Defense to Failure to Obey an Officer in Maryland

Police officers, in any jurisdiction and in any part of the country, want people to do what they say. When an officer says something to a citizen, he wants that citizen to obey. But it is important to recognize this does not mean the citizen must do what the officer says, whatever it is. Or that just because the officer tells the citizen to do or not do something and they disobey that that amounts to a crime in Maryland.

Failure to Obey an Officer is a crime against the public, not the officer
It is important to recognize that Failure to Obey an Officer falls under the criminal code section for disorderly conduct in Maryland. The crime is defined in Maryland Criminal Law section 10-201(c)(3) as:
A person may not willfully fail to obey a reasonable and lawful order that a law enforcement officer makes to prevent a disturbance to the public peace. (emphasis added)
The law does not state that a person may not fail to obey any order of an officer’s, rather it states that a person may not fail to obey an order that is made to prevent a disturbance to the public peace. This law is designed to protect the public. A good example of this is when a riotous crowd has gathered, and an officer tells a person to leave in order to disperse the crowd. This would be done ostensibly for the purpose of protecting the general public.

What if the officer’s order has nothing to do with preventing disorderly conduct?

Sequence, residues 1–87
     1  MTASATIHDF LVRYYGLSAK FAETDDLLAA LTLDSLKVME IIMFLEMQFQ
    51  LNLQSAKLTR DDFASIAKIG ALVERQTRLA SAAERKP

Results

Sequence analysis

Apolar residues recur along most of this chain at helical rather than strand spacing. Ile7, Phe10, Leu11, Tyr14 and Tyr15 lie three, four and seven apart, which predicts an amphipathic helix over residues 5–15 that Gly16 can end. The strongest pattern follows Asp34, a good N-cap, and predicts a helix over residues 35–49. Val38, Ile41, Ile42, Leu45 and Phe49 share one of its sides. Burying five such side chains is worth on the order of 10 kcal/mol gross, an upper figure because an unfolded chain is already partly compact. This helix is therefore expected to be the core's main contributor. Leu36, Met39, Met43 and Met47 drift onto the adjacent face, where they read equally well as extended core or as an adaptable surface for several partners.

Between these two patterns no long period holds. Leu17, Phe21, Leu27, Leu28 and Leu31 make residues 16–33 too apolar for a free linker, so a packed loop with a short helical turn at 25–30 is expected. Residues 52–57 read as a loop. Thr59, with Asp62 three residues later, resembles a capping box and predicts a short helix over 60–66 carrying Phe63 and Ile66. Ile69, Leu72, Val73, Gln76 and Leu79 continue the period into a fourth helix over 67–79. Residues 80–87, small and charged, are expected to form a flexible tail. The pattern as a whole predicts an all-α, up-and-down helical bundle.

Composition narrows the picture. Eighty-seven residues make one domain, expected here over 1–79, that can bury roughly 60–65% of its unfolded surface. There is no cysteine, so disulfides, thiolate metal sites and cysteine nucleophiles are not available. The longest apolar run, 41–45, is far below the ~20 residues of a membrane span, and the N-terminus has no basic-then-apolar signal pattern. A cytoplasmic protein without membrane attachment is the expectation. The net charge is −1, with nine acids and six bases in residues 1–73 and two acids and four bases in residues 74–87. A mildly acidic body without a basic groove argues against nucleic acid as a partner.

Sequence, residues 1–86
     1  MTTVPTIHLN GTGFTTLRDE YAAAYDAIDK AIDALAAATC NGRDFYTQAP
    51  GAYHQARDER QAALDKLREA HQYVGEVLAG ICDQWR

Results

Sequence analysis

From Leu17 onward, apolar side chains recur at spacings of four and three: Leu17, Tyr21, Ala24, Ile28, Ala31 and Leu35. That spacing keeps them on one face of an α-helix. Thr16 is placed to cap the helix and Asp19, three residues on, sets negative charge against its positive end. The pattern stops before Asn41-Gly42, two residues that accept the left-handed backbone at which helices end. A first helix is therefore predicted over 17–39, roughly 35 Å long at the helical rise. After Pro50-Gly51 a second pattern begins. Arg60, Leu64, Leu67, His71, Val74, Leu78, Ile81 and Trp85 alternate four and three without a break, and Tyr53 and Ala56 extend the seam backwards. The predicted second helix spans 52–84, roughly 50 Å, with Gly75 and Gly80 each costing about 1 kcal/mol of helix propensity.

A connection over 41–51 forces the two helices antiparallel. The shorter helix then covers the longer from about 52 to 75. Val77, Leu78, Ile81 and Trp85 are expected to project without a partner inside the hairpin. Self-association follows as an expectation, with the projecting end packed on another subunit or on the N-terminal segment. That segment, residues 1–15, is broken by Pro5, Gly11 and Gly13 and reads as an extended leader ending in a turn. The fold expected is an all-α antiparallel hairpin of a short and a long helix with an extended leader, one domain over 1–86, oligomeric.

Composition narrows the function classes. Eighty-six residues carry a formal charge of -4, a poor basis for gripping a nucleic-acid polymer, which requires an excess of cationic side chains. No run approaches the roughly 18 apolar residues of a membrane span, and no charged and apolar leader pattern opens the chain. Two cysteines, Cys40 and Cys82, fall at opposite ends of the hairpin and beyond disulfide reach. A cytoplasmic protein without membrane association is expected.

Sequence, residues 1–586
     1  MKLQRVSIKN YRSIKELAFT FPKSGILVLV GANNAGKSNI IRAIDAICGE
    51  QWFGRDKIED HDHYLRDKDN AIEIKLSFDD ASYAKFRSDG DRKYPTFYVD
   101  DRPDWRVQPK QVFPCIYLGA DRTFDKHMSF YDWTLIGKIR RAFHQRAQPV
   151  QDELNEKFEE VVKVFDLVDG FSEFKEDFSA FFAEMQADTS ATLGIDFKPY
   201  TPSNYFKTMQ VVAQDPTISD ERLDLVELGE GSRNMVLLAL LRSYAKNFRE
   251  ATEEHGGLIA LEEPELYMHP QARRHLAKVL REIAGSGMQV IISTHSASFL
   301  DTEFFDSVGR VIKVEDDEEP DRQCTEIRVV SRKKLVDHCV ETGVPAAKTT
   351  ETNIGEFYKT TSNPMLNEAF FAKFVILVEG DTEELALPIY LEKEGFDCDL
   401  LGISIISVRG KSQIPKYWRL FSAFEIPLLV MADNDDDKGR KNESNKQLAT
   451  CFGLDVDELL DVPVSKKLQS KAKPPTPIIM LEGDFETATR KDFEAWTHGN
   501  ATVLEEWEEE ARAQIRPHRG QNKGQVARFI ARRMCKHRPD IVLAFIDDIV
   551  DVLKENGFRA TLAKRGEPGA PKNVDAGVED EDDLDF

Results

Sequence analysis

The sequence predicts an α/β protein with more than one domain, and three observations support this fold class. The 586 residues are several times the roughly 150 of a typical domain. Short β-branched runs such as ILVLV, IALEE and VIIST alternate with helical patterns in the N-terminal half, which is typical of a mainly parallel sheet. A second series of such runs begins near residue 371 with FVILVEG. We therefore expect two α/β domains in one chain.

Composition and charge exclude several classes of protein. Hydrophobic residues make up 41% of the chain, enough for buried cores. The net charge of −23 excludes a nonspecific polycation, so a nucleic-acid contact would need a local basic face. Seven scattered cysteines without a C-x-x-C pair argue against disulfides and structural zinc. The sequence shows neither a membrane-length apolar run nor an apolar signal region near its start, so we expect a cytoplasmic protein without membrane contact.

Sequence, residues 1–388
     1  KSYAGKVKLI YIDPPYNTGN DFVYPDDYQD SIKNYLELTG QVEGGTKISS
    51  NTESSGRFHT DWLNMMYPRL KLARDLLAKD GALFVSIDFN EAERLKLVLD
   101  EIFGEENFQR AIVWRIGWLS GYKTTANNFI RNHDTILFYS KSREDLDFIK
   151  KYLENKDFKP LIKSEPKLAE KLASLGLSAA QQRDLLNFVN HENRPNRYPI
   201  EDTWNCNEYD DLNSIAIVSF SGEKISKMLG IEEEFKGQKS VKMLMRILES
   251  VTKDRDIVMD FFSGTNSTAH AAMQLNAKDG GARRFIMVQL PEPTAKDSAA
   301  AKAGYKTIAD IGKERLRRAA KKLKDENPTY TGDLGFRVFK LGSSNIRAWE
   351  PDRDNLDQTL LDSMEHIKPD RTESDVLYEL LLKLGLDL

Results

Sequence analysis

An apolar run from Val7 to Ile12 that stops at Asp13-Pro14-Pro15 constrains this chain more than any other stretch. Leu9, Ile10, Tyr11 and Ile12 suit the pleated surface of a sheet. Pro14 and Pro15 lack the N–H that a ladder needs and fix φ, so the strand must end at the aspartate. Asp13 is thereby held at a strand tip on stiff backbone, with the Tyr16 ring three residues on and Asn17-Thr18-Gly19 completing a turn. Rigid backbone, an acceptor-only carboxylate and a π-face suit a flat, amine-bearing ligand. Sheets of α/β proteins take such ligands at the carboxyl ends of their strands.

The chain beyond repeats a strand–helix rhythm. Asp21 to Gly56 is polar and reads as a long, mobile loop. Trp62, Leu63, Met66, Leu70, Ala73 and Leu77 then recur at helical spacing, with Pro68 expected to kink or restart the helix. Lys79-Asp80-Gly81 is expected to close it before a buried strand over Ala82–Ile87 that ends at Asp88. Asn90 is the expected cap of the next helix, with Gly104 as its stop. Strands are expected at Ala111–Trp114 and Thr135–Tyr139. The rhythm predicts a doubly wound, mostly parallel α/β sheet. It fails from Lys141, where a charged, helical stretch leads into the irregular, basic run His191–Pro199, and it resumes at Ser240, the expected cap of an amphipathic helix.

However, I have seen a number of times where an officer has charged someone with failure to obey an order simply because the accused did not do what the officer wanted him to do. If the order has no relationship whatsoever to preventing a disorderly conduct offense, then it is not a crime under this section of the law. For instance, a police officer may pull someone over and find out they are driving without a license. The officer tells the driver not to drive the car and to have someone come pick up the car. The officer then sees the driver still operating the vehicle a few minutes later, and arrests the driver for failure to obey an order. There’s a perfect defense for this charge because the driving without a license after the officer told the driver not to do so has nothing to do with preventing a public disturbance!

Some police officers can go out of their way to make life difficult for those who disagree with their actions. One of the ways they do that is by slapping on a Failure to Obey charge when it really should not be charged. To speak with an experienced criminal defense attorney about your failure to obey or disorderly conduct case or any other charges, contact the Law Offices of Christopher L. Peretti any time at 301-875-3472. As always, consultations are complimentary.

Comments are closed, but trackbacks and pingbacks are open.